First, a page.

Beautiful things made out of beautiful leather
Toward the end of this quick film Walker Macwilliam, creative director of Ghurka and narrator of the video, says Ghurka’s purpose is “making beautiful things out of beautiful leather”. We say that about sums it up perfectly.
Teton Gravity Research's Aerial Reel
There is so much epic mega-ness in Teton Gravity Research’s aerial reel that it’s difficult to contain our bladders (too much information? Too much information): cornea-melting 4K ultra-HD footage, shot using a RED Epic-equipped gyro-stabilized camera platform mounted on a helicopter that is most surely badass; a grandiose soundtrack that seems right out of the latest action-thriller; oh, and then there’s the Bay Area.
A time-stopping piece of automotive history: '74 E-Type
Only 59 more E-Types were made after Dave Paddison’s V12 Series 3 convertible rolled off the Coventry assembly line in 1974. “Last of the Breed”, indeed — nearly the last entirely. And what a specimen for a guy like Dave to own.
Hypnotizingly Beautiful Visual Tour of Paris in Winter
Camera jockey Andrew Julian has an immense talent for spotting and capturing beauty. Apropos, then, that he journeyed to Paris, which happens to be brimming with beauty at every turn. Most everyone is familiar with Paris in the summertime, whether via the myriad movies set there or by dint of commendable vacation planning. However, Julian…
In Biella, Italy, is situated a textile mill that first opened in 1663, where 3 generations of workers still strive to make the best fabrics in the world. It’s fitting (tailoring pun!) then that J. Crew sources material for its Ludlow suits from Vitale Barberis Cononico, where 7 million meters of hand-inspected fabric are produced each year.
Poor Bill Hammerstein. He and his wife had so few guests coming by his SoCal home that he knocked down the guest house out back entirely. In its place, he built a three-stall garage that houses a red Shelby Cobra, a red Mercedes 300 SL convertible and a — you guessed it — red V12 1971 Ferrari 365 Daytona coupe. Yeah, that Daytona.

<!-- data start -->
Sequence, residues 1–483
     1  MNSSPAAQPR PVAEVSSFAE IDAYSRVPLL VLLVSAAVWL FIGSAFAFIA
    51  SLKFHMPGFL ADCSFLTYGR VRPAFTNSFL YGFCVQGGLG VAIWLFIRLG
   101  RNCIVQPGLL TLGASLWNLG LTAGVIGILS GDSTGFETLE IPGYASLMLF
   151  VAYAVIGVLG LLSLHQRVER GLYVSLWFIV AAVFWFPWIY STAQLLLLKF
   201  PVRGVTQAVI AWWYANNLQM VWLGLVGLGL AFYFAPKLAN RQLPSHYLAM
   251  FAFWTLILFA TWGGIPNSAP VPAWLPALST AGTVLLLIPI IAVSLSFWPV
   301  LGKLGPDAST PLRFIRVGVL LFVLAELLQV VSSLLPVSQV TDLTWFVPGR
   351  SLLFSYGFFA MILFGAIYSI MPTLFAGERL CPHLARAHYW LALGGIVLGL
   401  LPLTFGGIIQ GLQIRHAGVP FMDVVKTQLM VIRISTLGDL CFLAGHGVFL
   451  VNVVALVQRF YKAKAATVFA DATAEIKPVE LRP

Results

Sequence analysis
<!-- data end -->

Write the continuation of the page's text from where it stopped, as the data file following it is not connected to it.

We want to hate this Sony Action cam mounted on an RC multi-copter. It’s a drone. Those are the scary things that the government uses to spy on you as you go about your vital covert actions (picking your toenails, or watching Bravo channel). But this Sony creation — it’s kind of… cute. And also freaking awesome, mind you. This little bugger zooms around Battleship Island (you know it from Skyfall).
You’re following Tom Cruise through a hotel room, or better yet, Brad Pitt through a shoddy, packed bar. You are carrying a very large video camera, attached to a huge counterbalanced device (which happens to be attached to you), and you have to carefully move in a choreographed path around the actor as he delivers his lines. You have one, two, maybe three takes to nail the shot. Feeling the pressure yet? These are just the topical difficulties of the steadicam shot, a gem of the Hollywood industry that produces some of the most spectacular scenes in some of your favorite movies.
Detroit is trashed worse than Ke$ha on a Tuesday morning. Everybody knows it, and that’s why we love that the city’s in the hunt to host the X Games for the next three years. If you’re going to have a rundown slum of wasted buildings, why not use said buildings as dramatic backdrop for awesome 360s and Fakie kick flips?
Ships in a bottle have all the wonder of a parlor trick without the gimmickry. Modeling combines with magic to turn wood and glass into a beautifully crafted enigma. Somewhere around the 1:10 minute mark, when Ray Gascoigne discusses switching from American Yellow Pine to Western Red Cedar, you’ll realize that you want to take the time to meet this man, see him work his craft, listen to him tell his time-worn stories.